Encountering Change: Job Satisfaction of Sign Language Interpreters in Finland

Liisa Martikainen
Humak, University of Applied Science

Petri Karkkola
University of Eastern Finland

Matti Kuittinen
University of Eastern Finland

All views or conclusions are those of the authors of the articles and not necessarily those of the editorial staff or the publisher.

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Abstract

The organizational system for providing Finnish sign language interpreter services has recently changed, and this change has influenced the whole interpretation service industry. It poses major challenges for the maintenance of job satisfaction among sign language professionals. The level of job satisfaction of sign language interpreters (in this study, N = 135) was surveyed by means of an online questionnaire. While examining this phenomenon, this study mainly addresses the systemic factors in employment conditions. According to the results, the level of job satisfaction among interpreters is quite high; however, it remains clearly lower than the average for Finnish workers. The key factors in job satisfaction are working conditions, changes in the amount of work and the way that it has been organized. Many of these problems are seen to be the result of the recently reformed Kela2-led interpreter booking system and the interpreting service’s bidding system. As a conclusion, we note that, in future, more attention should be paid to the working conditions and job satisfaction of Finnish sign language interpreters. If the level of job satisfaction continues to decrease, not only will interpreters’ health and well-being be at risk, but the quality of service provided to clients may also be impacted.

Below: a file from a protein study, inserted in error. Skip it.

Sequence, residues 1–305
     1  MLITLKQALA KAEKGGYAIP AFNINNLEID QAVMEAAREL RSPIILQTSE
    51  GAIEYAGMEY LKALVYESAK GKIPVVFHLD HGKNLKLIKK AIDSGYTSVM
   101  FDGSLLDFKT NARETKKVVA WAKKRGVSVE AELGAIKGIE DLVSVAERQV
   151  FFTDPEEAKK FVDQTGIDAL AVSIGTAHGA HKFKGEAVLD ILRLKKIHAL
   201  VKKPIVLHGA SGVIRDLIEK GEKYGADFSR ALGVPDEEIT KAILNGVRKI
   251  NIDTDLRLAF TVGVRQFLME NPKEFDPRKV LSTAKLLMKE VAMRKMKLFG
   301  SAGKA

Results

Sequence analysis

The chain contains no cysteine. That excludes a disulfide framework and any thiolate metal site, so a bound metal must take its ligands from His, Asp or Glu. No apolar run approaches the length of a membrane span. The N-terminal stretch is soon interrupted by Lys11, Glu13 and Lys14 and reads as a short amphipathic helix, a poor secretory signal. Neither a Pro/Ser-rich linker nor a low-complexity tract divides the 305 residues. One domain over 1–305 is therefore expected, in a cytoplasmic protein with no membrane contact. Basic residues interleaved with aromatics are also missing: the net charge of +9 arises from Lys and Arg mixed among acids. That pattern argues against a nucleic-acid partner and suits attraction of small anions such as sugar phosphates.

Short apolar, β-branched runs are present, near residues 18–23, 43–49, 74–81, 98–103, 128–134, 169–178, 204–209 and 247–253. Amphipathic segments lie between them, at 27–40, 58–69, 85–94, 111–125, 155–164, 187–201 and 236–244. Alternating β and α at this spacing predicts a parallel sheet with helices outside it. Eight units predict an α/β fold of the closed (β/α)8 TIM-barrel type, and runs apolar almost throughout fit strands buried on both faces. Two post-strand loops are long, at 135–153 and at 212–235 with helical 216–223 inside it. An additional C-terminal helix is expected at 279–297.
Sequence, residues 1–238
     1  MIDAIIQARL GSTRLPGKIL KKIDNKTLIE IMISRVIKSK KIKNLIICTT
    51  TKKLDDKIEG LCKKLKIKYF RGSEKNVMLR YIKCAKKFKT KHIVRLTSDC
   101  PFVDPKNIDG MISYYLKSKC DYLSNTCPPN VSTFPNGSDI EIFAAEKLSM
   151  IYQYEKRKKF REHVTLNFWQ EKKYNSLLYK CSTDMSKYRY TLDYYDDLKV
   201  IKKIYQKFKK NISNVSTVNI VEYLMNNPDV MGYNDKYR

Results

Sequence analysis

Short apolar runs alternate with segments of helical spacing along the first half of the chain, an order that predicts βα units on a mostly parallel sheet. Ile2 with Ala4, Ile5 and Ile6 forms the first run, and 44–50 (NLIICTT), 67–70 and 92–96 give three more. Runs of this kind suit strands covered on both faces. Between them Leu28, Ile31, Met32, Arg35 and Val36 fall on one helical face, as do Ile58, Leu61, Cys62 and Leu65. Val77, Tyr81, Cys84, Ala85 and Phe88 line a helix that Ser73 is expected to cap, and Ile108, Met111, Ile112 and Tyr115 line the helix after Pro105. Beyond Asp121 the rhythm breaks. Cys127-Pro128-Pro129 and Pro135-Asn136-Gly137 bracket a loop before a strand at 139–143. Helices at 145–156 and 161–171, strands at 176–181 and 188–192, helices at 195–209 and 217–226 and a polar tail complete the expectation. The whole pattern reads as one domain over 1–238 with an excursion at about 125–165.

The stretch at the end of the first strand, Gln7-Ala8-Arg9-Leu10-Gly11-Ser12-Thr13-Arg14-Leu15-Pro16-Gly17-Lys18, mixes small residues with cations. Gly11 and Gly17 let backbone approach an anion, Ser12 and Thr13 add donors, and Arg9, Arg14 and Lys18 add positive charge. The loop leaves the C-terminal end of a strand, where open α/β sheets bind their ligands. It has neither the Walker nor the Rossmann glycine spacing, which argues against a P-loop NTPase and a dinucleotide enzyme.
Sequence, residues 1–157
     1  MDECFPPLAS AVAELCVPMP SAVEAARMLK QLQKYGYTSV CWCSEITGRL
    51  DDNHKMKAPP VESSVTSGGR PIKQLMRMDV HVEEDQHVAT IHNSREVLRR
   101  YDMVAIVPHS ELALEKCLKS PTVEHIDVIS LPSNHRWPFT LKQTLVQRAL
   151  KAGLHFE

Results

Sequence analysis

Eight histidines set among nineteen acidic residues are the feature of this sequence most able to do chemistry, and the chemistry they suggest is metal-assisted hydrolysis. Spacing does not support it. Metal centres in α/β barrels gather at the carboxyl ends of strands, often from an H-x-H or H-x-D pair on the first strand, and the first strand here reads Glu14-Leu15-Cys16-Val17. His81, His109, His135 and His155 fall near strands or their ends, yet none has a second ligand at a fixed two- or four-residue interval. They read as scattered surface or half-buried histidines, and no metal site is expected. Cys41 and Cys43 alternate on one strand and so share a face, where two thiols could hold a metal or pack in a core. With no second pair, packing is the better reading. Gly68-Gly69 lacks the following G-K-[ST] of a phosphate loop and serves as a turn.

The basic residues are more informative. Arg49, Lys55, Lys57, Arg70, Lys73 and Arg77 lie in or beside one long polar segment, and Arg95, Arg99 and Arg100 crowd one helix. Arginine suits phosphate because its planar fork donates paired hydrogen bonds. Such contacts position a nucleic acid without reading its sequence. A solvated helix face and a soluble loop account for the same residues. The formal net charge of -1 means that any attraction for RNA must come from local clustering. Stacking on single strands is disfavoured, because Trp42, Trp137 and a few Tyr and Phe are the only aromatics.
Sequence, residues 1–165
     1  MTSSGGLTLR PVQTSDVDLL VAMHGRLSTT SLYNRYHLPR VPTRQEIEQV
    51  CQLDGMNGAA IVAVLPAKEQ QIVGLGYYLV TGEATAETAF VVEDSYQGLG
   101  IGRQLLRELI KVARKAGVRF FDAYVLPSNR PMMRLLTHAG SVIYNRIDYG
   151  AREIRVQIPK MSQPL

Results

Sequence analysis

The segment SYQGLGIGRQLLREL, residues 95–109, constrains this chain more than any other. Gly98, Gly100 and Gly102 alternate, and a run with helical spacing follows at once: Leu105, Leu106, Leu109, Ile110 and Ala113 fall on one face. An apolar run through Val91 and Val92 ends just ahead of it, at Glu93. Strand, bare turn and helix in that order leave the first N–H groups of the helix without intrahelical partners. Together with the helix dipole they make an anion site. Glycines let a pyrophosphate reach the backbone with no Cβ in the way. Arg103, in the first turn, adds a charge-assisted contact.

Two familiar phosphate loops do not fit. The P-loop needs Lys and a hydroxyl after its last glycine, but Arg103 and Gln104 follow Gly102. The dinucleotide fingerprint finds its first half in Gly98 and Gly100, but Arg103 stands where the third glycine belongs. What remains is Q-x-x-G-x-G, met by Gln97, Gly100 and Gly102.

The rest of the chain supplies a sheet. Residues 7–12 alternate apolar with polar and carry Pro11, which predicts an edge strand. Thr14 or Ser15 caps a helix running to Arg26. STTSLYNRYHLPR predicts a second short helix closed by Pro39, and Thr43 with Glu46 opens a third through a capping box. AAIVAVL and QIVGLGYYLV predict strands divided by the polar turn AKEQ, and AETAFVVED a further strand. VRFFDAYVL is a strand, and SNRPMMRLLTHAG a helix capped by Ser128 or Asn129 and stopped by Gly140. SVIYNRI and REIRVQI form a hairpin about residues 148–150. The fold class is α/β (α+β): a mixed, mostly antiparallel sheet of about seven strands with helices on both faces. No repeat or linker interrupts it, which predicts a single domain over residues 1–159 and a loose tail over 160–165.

Keywords: Sign language interpreters, organizational change, job satisfaction, working conditions, job insecurity